Smeal, IBM Partner on New Supply Chain Research Lab

Penn State biz school links with other labs to let faculty, students test supply network relationships

Penn State biz school links with other labs to let faculty, students test supply network relationships

University Park, PA — October 13, 2005 — The Smeal College of Business at Penn State University will team with IBM on October 28 to open the new Supply Chain Laboratory, which is being relocated to Smeal's new Business Building on the University Park campus.

A Shared University Research (SUR) award from IBM provided Smeal with IBM software, server and storage technology to create the initial On-Demand Supply Chain Research Laboratory in the fall of 2003. The new lab is outfitted with additional IBM hardware and will double as a classroom for Smeal students.

Penn State's lab is linked with similar IBM labs around the world at Michigan State University, Arizona State University, University College Dublin and National University of Singapore. The interconnected grid, powered by IBM hardware and software, allows faculty and students at these universities to collaborate in studying, simulating and testing the key relationships in an end-to-end supply chain.

Supply Chain Skills

"The unique supply chain simulations occurring because of this collaborative effort help IBM and other companies build dynamic supply chains that can sense and rapidly respond to changing customer demands and market conditions," IBM said in announcing the new laboratory. "The labs also provide hands-on experience to students, equipping them with the skills they need to launch a successful career in supply chain management."

"We have already reaped substantial benefits from our partnership with IBM, both in the classroom and in our ability to provide today's multinational corporations with valuable research," said John E. Tyworth, chair of the Department of Supply Chain and Information Systems (SCIS) at Smeal. "Because we are working together with four other schools, we have the potential to authentically simulate supply chains in a manner that was never before possible, and that's enhancing the education of our students, and making the research network a valuable resource to the business world."

"Corporate and university partnerships are vital in driving innovation," says Linda Cantwell, vice president for business growth initiatives with IBM Integrated Supply Chain. "Students who understand how to use open standards and grid technologies to simulate the supply chain's ability to respond to real company business problems will be in high demand upon graduation and bring a competitive advantage to the supply chain of their employer."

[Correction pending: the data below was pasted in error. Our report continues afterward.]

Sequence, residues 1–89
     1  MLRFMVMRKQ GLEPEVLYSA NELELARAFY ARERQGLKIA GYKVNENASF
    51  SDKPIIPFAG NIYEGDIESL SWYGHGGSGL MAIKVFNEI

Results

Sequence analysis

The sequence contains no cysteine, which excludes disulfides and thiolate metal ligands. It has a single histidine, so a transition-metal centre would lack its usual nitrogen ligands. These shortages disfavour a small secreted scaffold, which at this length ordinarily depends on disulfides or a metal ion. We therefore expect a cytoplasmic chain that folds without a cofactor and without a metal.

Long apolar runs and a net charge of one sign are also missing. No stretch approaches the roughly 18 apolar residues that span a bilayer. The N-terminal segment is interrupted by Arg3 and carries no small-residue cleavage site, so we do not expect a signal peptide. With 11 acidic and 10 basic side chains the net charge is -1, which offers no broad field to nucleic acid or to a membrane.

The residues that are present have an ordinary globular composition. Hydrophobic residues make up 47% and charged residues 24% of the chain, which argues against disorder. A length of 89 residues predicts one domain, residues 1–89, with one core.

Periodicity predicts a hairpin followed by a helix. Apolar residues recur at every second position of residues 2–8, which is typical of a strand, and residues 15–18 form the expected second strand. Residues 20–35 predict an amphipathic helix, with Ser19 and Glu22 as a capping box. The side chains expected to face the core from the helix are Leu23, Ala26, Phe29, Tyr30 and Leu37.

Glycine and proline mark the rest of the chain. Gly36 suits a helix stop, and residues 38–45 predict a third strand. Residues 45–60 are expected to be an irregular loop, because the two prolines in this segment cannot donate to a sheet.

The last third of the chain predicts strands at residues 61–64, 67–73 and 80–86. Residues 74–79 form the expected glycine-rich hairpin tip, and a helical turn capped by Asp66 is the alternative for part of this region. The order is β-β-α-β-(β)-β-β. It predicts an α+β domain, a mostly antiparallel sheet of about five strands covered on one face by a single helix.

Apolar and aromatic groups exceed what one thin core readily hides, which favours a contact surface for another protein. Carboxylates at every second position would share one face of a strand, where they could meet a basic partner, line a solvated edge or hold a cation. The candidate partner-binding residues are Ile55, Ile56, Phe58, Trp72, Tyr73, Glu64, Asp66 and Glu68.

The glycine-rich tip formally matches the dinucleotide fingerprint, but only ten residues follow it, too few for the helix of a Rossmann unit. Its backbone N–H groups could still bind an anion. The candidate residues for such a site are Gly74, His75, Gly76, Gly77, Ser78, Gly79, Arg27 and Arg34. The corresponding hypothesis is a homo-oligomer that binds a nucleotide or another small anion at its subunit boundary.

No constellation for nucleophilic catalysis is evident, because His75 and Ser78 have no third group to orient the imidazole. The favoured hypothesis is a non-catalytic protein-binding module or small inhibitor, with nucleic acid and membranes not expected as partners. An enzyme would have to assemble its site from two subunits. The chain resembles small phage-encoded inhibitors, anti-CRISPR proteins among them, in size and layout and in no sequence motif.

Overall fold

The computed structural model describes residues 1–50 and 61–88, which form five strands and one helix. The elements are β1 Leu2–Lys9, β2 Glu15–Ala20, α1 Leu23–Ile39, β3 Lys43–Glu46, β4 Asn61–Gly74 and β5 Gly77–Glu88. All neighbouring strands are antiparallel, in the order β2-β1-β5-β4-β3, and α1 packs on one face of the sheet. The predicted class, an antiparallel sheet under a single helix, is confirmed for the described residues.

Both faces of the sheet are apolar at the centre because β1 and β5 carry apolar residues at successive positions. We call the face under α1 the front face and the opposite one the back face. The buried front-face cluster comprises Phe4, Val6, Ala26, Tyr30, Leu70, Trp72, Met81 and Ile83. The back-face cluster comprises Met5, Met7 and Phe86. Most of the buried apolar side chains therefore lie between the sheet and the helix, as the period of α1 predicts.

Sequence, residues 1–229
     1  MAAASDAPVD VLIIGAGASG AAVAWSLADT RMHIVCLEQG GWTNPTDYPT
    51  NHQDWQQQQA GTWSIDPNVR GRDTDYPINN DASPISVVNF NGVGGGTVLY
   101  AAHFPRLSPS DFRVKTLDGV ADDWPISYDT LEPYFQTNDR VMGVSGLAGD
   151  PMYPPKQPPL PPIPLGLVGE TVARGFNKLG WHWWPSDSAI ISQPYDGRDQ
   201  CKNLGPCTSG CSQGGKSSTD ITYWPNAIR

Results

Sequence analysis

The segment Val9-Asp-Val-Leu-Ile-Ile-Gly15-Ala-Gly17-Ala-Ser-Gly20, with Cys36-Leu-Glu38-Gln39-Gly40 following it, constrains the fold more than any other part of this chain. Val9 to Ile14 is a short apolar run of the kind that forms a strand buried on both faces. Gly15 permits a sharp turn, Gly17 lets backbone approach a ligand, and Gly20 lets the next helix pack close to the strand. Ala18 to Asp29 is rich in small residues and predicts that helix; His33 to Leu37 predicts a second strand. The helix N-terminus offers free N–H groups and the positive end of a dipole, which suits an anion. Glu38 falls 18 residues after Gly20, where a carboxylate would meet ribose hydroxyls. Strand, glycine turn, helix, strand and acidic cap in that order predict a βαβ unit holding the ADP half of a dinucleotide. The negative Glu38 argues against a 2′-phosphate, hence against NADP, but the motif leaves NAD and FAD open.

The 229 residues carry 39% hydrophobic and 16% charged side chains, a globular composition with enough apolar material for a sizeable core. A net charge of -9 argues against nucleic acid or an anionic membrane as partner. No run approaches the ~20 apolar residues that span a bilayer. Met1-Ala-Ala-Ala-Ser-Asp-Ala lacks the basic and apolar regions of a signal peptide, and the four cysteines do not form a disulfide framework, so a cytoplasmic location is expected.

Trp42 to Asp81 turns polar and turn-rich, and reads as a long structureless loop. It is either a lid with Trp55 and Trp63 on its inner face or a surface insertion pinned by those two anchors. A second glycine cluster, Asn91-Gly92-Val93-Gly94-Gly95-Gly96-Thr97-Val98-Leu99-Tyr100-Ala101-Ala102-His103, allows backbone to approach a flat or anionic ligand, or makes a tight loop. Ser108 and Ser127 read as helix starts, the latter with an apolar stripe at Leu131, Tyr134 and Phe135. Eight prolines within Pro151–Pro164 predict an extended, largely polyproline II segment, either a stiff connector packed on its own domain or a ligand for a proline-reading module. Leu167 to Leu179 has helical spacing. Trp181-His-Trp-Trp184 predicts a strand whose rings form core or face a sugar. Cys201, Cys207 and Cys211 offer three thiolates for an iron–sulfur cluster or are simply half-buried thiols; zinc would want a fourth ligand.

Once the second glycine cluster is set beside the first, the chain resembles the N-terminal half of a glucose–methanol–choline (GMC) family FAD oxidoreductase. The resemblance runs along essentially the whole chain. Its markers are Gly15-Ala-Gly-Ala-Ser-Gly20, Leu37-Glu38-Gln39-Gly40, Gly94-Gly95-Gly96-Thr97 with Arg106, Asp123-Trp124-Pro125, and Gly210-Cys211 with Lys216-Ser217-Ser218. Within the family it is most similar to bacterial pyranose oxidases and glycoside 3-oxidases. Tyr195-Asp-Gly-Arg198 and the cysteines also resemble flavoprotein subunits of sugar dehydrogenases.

Grads in Demand

Students in supply chain are already highly sought, according to the Council of Supply Chain Management Professionals. It reports the highest demand in more than 10 years for college graduates to fill entry-level supply chain positions.

The new lab will officially open on October 28 following a ribbon-cutting ceremony featuring representatives from IBM and Smeal. The half-day schedule of events also includes an interaction session between top IBM executives, SCIS department faculty, and MBA and Ph.D. students.

The On-Demand Supply Chain Research Laboratory at Smeal is supported by IBM software technologies, including Websphere and AIX, which are made available to Penn State faculty and researchers via the IBM Scholars program. Information about the Scholars program is available at:

IBM's Shared University Research program awards computing equipment (servers, storage systems, personal computing products, etc.) to colleges, universities and institutions of higher education to facilitate research projects in areas of mutual interest, including life sciences, grid computing, autonomic computing and deep computing. IBM gives approximately 50 to 60 SUR awards per year worldwide.

Additional Articles of Interest

— For an in-depth look IBM's supply chain transformation initiative, read the interview with Linda Cantwell, IBM vice president for business growth initiatives, in the article "Breaking the Silo Mentality" in the April/May 2004 issue of Supply & Demand Chain Executive.

— Supply chain executives are discovering new ways to apply technology and innovative processes to the challenge of managing uncertainty. Read more in "Rethinking Risk," cover story in the August/September 2005 issue of Supply & Demand Chain Executive.

— Eugene McCabe, architect of Sun Microsystems' Customer Fulfillment in Transit process, discusses the challenges and rewards of taking links out of the company's supply chain in "Anatomy of the 'Zero Touch' Supply Chain," in the August/September 2005 issue of Supply & Demand Chain Executive.